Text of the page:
On this appeal, the Second Department disagrees with the defendant’s contention that the lower court improvidently exercised its discretion in awarding credits to the plaintiff against the defendant’s equitable share of the marital residence. The plaintiff’s credible testimony and documentary evidence demonstrated that she liquidated premarital stocks of which $50,000 of the proceeds was used toward the purchase of the marital residence. Thus, the plaintiff is entitled to a contribution credit towards such payment before determining how to equitably distribute the remaining value of the asset (Rosenberg v. Rosenberg, 145 AD3d 1052, 1055, quoting Fields v. Fields, 15 NY3d 158, 167).
Plaintiff’s unrefuted testimony and evidence established that $66,952.97 taken from a home equity line of credit (“HELOC”) was utilized to pay debts incurred by the defendant’s business, and that the defendant had agreed to assume sole responsibility for the full repayment. Thus, the Supreme Court properly determined that the plaintiff was entitled to a credit for the loan against the marital residence. The Second Department also agreed that the Supreme Court providently exercised its discretion in awarding the plaintiff a specific credit for loans she made to the defendant for capital contributions to his business from monies she received from liquidating her premarital stock (see Kim v. Schiller, 112 AD3d 671, 674). The plaintiff was not awarded an interest in the defendant’s business.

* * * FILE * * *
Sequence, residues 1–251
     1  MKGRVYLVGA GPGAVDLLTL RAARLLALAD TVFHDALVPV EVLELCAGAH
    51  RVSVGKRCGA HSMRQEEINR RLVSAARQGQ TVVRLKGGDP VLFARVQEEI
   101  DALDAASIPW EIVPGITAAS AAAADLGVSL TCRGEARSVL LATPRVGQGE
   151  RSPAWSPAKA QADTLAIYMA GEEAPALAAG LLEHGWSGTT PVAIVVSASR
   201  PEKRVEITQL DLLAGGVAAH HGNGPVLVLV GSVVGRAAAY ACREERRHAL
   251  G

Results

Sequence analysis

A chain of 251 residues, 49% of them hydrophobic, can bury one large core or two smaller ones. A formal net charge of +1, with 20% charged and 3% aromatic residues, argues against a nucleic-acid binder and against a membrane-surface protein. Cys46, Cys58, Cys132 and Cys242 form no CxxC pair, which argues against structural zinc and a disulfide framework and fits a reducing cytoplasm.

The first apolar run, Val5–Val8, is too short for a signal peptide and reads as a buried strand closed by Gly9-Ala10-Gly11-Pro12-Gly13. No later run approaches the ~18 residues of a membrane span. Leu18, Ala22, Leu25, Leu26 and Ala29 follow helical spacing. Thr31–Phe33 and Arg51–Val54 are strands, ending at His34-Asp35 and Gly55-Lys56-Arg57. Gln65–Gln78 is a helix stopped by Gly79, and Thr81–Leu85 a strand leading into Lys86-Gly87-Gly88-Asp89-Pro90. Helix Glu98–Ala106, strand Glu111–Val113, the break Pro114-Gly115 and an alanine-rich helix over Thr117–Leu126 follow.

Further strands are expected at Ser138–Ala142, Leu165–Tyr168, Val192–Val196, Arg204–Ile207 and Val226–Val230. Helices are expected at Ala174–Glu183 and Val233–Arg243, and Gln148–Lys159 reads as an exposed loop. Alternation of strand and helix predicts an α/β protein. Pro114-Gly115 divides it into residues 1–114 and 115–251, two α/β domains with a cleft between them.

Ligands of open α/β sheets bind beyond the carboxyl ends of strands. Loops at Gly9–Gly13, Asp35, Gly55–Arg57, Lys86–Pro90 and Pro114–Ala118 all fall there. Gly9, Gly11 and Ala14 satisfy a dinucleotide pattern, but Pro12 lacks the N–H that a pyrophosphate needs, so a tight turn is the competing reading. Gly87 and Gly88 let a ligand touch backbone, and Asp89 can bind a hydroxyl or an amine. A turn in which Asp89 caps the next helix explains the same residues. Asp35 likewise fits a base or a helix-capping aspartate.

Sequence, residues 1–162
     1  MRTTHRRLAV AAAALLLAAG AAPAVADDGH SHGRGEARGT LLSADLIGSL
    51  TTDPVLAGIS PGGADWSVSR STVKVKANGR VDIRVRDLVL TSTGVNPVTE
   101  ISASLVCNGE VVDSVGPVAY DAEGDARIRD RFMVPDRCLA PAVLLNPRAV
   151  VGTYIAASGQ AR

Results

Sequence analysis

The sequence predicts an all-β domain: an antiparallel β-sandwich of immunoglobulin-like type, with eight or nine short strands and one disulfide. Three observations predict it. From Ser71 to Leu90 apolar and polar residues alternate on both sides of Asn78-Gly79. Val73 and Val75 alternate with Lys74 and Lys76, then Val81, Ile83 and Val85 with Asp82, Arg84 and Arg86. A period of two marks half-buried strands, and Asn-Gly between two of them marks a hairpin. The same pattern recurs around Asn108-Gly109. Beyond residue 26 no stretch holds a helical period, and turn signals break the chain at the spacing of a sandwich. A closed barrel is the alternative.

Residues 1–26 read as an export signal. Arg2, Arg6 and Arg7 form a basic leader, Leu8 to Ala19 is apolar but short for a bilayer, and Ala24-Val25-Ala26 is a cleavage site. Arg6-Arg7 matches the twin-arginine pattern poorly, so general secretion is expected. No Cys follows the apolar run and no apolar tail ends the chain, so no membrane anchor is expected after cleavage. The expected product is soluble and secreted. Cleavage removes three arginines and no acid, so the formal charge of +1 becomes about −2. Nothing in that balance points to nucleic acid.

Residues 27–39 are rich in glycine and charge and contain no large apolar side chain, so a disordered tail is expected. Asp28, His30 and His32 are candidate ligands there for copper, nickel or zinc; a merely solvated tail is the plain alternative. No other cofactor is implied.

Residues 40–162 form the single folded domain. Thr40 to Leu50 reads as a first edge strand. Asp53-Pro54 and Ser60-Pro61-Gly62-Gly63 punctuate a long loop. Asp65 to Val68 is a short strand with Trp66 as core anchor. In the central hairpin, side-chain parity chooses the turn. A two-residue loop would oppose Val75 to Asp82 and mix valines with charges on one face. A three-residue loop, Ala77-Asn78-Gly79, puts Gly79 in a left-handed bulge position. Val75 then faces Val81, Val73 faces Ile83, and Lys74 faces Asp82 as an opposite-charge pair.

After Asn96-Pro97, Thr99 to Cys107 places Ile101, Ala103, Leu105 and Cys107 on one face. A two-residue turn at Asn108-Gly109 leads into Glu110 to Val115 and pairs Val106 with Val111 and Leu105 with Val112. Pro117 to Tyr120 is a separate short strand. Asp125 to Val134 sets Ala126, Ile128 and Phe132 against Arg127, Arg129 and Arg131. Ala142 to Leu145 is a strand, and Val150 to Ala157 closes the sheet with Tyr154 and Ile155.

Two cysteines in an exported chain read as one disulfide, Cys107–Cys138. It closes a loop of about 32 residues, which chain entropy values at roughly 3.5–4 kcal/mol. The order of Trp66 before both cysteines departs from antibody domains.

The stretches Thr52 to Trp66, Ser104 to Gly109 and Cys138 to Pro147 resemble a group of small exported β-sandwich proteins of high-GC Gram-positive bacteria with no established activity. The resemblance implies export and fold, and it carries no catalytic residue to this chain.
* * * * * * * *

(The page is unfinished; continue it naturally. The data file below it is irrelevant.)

However, the Second Department disagrees with the lower court’s calculations in determining the parties’ equities in the marital residence. The court awarded the plaintiff a “double credit” for the loan to the defendant’s business from HELOC by including that $66,952 in the combined mortgage and HELOC balance when determining the net equity. The judgment is modified to award the title of the marital residence to the plaintiff, with a balance owed to the plaintiff in the sum of $23,350, and the defendant’s share of the equity in the residence is $120,476.
The defendant argued that the plaintiff is not entitled to maintenance and that the court erred in failing to consider the plaintiff’s $440,000 inheritance, of which $320,000 remained. The court should have considered the plaintiff’s inheritance in determining the issue of maintenance (see Culen v. Culen, 157 AD3d 926, 929), however, the maintenance award of $100 per week for a period of 260 weeks is not an improvident exercise of discretion in light of the circumstances, including the length of the marriage and the parties’ incomes (see Strohli v. Strohli, 174 AD3d 938, 943). The court should have included a provision that the maintenance award was for that duration or until the death of either party or the plaintiff’s remarriage, whichever shall occur sooner (see Domestic Relations Law § 236[B][a]; Strohli v. Strohli, 174 AD3d at 943).